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Case Study Premature Failures of Mild Steel Continuous Slot Well Screens
Technical Memorandum 004-4 - Case Study Premature Failures of Mild Steel Continuous Slot Well Screens Imprimir
Viernes, 15 de Julio de 2011 02:22

 

Executive Summary

Water purveyors in California have experienced premature failures of water wells constructed with mild steel continuous wire-wrapped screen. Laboratory testing was conducted to evaluate the properties of this type of well screen. The results show a clear relationship between the type of steel, the amount of open area in continuous wire-wrapped well screens, and corrosion rates.

Background

Beginning about 1981 well screens constructed of triangular-shaped mild steel wire wrapped around an array of mild steel support rods were introduced and heavily marketed in the southwestern United States. Some water purveyors were attracted to the mild steel wirewrapped screen because of its high percentage of open area and availability in slot sizes smaller than 0.050-inch. However, most selected it as a less expensive alternative to stainless steel continuous wire-wrapped screens.

 

When mild steel continuous wire-wrapped screen was introduced to the water well industry, Roscoe Moss Company (RMC) recognized its clear potential for accelerated corrosion. The most undesirable post-installation scenario was as follows:

1. The mild steel wire and internal rods (with their large surface area) would be subjected to aggressive groundwater quality conditions.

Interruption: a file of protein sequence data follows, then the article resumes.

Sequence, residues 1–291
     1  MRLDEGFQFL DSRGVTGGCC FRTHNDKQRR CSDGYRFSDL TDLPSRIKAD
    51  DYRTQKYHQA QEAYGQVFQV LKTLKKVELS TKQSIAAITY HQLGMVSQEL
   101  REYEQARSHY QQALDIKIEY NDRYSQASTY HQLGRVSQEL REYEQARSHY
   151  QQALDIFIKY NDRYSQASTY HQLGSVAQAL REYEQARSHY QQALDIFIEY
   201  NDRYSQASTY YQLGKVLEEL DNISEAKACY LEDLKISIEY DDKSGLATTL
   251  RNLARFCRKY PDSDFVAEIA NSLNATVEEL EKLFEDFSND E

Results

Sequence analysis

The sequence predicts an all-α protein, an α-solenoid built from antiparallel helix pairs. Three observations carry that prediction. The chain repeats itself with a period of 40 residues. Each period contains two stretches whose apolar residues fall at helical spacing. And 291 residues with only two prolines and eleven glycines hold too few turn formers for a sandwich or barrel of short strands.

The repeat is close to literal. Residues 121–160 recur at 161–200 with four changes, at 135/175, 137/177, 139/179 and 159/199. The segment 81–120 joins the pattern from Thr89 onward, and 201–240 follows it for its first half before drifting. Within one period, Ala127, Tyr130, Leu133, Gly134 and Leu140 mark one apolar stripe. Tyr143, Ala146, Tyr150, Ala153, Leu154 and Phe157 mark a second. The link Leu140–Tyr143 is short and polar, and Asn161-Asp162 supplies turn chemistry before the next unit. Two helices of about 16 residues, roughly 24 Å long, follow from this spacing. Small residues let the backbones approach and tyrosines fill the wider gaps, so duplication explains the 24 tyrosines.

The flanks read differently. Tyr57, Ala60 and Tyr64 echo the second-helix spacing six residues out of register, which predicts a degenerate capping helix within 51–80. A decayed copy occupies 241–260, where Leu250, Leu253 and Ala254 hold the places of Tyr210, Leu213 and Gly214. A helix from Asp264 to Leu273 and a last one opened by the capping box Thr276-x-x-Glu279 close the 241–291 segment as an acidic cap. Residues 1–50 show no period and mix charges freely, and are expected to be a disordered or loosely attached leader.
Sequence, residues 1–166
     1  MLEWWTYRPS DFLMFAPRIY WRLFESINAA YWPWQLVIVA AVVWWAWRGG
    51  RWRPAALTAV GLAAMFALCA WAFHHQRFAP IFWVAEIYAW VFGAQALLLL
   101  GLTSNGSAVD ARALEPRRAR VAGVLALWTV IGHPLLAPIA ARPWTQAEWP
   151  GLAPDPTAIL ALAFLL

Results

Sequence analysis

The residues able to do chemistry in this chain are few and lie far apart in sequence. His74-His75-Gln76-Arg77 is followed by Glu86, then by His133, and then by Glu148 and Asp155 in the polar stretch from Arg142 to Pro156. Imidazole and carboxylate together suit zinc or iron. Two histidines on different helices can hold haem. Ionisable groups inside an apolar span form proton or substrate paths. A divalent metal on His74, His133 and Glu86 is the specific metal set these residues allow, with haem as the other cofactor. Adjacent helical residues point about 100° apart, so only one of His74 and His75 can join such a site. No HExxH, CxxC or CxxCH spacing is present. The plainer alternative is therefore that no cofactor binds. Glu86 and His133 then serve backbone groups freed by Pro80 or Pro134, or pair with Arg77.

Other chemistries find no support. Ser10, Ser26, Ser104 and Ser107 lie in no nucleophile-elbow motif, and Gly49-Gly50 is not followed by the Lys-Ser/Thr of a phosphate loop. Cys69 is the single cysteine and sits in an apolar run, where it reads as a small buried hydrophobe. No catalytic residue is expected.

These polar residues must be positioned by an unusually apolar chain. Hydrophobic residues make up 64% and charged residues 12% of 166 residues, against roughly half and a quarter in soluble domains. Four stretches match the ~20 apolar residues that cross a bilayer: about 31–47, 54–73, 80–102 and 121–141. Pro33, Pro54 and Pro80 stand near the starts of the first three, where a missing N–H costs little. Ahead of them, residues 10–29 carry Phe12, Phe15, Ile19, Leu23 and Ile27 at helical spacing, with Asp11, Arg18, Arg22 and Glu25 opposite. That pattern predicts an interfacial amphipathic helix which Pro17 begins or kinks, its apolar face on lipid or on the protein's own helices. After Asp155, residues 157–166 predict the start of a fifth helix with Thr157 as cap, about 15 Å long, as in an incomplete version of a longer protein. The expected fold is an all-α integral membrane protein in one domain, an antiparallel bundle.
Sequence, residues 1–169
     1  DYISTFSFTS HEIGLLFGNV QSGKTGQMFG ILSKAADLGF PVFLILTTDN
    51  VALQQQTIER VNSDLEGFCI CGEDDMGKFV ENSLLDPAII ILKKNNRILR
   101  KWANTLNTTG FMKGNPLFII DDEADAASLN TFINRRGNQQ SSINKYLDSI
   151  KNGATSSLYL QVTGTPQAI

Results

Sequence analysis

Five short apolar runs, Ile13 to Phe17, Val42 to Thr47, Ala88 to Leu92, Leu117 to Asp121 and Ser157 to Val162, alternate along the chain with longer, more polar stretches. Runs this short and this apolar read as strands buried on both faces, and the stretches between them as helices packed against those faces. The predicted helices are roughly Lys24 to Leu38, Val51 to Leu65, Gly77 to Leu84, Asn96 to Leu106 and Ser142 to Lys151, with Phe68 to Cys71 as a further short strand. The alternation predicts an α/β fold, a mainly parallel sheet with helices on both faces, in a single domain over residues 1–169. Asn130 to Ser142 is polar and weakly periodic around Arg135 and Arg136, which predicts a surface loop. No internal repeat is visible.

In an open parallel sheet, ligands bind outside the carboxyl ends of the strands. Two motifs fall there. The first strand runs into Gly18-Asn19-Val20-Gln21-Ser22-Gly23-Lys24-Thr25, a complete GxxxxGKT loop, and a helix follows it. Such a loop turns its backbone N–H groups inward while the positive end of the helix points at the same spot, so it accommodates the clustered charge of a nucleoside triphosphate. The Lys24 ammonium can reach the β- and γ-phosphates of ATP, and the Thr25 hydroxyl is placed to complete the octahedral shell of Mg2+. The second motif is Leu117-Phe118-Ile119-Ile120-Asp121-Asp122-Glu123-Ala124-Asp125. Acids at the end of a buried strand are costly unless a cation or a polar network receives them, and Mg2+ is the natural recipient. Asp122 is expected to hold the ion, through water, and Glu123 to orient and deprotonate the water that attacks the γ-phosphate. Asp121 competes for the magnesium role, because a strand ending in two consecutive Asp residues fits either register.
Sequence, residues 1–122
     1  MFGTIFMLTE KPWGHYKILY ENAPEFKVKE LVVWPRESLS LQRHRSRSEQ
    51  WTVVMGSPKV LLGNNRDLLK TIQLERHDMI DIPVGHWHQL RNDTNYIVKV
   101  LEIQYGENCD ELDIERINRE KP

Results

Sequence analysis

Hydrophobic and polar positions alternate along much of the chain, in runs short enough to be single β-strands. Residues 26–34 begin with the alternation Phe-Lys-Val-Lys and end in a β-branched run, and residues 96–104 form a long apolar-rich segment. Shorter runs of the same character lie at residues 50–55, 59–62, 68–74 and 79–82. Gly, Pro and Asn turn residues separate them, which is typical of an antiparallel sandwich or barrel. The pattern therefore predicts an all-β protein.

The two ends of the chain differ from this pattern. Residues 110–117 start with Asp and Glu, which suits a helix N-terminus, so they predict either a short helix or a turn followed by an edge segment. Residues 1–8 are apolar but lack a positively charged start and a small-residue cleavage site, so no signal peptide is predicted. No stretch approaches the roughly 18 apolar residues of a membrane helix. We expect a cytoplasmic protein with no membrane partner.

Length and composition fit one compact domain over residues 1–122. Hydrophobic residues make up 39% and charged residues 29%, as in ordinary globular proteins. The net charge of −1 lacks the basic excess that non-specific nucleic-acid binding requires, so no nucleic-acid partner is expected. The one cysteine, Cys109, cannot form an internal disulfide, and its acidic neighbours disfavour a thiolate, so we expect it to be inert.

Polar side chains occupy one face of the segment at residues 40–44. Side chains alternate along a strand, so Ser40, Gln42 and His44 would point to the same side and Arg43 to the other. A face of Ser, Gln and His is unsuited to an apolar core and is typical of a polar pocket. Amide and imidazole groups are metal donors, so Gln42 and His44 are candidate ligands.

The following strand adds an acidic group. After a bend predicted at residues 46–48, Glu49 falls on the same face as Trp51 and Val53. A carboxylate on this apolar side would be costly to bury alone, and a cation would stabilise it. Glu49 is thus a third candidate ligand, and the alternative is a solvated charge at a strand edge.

2. The corrosion of the mild steel wire would result in a widening of the numerous slots between the wires.

3. The widened well screen slots would allow aquifer material and gravel pack to pass through the screen and into the well. A portion of the sand would pass through the pump and damage its internal mechanism.

4. The numerous small welds that join the wire to the array of rods would be weakened by corrosion; and, in the worst-case the well screen would collapse.

This memorandum presents a brief overview of laboratory testing that was conducted to assess corrosion effects of mild steel screen. It also includes case studies that briefly describe the experiences of several water purveyors who installed production wells using mild steel continuous wire-wrapped screen.

Laboratory Testing

In 1982 a laboratory testing program was conducted to evaluate the corrosion rates of three types of mild steel well screen: 1) RMC “Standard” louvered screen; 2) RMC “Ful-Flo” louvered screen; and 3) continuous wire-wrapped screen. The testing program began with preparation of mild steel screen samples. Each sample had the following dimensions: 21...

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